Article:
http://www.fiveinarow.com/before/booklist.html
Before FIAR: Book List
Great literature list for preschool.
http://www.fiveinarow.com/fiar/booklist.html
Five in a Row: Book List
Great reading list for grade school, whether you use the Five in a Row curriculum or not.

http://www.fiveinarow.com/beyond/booklist.html
Beyond FIAR: Book List
What do you do when you finish Five in a Row? Go Beyond Five in a Row. Great reading list for upper grade school years.

http://www.nikkisbooknook.com/home/slwtm.html
Sonlight Books and The Well Trained Mind
Sonlight books arranged by TWTM’s four-year history cycles.

http://www.eagleforum.org/educate/1995/sept95/ersept6.html
A Child’s Reading List
Provided by Eagle Forum. Sorted by reading level within genre.

http://www.humaneventsonline.com/article.php?id=743
Ten Books Every Student Should Read in College
From the National Conservative Weekly

http://www.eagleforum.org/educate/1997/june97/list.html
The Ultimate Reading List — Classics That Endure
From the June 1997 issue of Education Reporter

Check these books out from your library. Each contains a good reading list:

Books That Build Character: A Guide to Teaching Your Child Moral Values Through Stories by William Kilpatrick and Gregory & Suzanne Wolfe
The extensive reading list gives summaries on each of the recommended books. Very good.

Designing Your Own Classical Curriculum: A Guide to Catholic Home Education by Laura Berquist (Ignatius Press) – My favorite homeschooling book, it is worth the price just for the literary suggestions.

A Landscape With Dragons: The Battle for Your Child’s Mind by Michael O’Brien
An analysis of modern children’s literature. The suggested reading list in the appendices is very good.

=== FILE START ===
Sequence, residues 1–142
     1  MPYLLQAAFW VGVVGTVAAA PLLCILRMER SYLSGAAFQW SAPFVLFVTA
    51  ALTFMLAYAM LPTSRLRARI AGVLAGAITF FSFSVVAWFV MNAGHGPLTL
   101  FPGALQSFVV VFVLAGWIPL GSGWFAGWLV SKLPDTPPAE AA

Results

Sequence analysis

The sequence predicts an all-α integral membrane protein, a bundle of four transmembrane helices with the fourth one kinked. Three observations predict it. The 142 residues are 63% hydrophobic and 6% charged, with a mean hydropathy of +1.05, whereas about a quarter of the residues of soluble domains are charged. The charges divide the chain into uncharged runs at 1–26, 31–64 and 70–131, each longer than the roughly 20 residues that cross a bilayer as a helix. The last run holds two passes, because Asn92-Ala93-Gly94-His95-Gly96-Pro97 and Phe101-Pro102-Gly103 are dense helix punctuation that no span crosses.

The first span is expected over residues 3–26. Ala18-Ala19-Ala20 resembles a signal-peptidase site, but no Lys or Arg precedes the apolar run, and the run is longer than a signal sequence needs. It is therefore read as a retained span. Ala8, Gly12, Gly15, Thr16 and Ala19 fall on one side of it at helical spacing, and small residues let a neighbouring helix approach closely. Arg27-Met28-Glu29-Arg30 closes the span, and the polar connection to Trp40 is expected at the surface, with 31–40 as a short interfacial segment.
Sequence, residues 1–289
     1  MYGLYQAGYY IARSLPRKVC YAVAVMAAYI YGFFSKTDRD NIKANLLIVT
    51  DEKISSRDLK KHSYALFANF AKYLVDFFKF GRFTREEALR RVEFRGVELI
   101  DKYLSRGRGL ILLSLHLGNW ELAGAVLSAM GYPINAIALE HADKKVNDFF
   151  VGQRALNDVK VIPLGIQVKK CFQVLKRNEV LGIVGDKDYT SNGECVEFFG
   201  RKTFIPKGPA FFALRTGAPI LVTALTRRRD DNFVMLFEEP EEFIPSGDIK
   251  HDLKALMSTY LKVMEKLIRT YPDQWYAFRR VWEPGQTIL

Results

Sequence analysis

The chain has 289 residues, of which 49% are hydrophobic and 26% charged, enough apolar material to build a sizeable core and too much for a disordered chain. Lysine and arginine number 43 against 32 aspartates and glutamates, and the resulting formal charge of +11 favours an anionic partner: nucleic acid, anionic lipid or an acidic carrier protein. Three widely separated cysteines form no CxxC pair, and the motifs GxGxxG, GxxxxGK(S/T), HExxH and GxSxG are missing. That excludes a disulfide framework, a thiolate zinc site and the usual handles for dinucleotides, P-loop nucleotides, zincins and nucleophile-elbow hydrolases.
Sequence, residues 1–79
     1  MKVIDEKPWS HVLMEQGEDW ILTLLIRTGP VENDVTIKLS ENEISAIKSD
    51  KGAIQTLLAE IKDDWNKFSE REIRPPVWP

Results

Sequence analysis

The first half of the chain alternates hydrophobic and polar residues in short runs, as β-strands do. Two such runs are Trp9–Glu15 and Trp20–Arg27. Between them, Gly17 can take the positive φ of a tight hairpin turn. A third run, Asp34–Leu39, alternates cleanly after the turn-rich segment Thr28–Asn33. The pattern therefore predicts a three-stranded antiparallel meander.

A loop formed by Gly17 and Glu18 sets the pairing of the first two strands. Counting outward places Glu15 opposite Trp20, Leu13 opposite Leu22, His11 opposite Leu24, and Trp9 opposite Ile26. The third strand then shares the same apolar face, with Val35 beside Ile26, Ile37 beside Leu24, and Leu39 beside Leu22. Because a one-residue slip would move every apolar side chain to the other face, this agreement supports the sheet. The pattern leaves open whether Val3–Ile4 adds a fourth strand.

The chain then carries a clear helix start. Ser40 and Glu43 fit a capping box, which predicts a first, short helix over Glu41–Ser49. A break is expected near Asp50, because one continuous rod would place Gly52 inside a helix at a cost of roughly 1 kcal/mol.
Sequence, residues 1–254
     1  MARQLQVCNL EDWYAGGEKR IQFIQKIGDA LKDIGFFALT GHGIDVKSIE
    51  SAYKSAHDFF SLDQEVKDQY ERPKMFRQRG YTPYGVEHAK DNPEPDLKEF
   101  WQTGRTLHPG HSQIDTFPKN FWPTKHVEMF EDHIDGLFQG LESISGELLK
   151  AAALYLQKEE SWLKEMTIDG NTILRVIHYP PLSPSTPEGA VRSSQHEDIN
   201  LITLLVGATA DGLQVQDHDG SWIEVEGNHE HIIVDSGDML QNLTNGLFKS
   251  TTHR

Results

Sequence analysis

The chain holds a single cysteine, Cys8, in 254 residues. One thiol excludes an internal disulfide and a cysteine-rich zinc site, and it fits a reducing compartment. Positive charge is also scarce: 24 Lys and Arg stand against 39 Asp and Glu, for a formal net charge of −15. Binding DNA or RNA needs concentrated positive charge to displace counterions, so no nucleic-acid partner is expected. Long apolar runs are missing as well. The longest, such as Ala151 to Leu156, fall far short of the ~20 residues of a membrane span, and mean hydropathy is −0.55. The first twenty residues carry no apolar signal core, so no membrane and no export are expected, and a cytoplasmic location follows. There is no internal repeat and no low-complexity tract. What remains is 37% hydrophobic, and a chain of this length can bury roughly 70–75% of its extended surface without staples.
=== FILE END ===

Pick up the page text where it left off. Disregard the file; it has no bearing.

These would probably need to be purchased:

A Mother’s List of Books by Theresa Fagan – Theresa is a Catholic homeschooling mother and has personally reviewed all of the books on her list. Her literary suggestions are separated by age group and arranged by authors’ last names. To order send $5 plus $1.50 s/h to: Theresa Fagan, 8801 Kensington Pkwy, Chevy Chase, MD 20815. For bulk orders call (301) 718-0851.

Real Learning: Education in the Heart of the Home by Elizabeth Foss – The back of the book contains a “Read Around the Year Booklist” segregated by grade level (similar to the list at www.4RealLearning.com ). To purchase visit www.bywayofthefamily.com or call (651) 778-0287.

Kolbe Academy’s reading list is available to non-enrolled families. Visit www.kolbe.org or call (707) 255-6499 for a catalog.

Another way to come up with terrific reading lists is to peruse homeschooling mail order catalogs such as Angelicum Academy, By Way of the Family, Emmanuel Books, Bethlehem Books, Sonlight, Elijah Company, Kolbe Academy, etc.

Books Are Not All That Libraries Offer

Do you ever feel like you carschool instead of homeschool? I have days when I feel like the children and I have spent more time on the road than in our home. We take advantage of that car time and listen to books on tape. Buying audio books requires a large financial commitment, so we get them free at the library. It is a great way to make use of time that might otherwise be idle.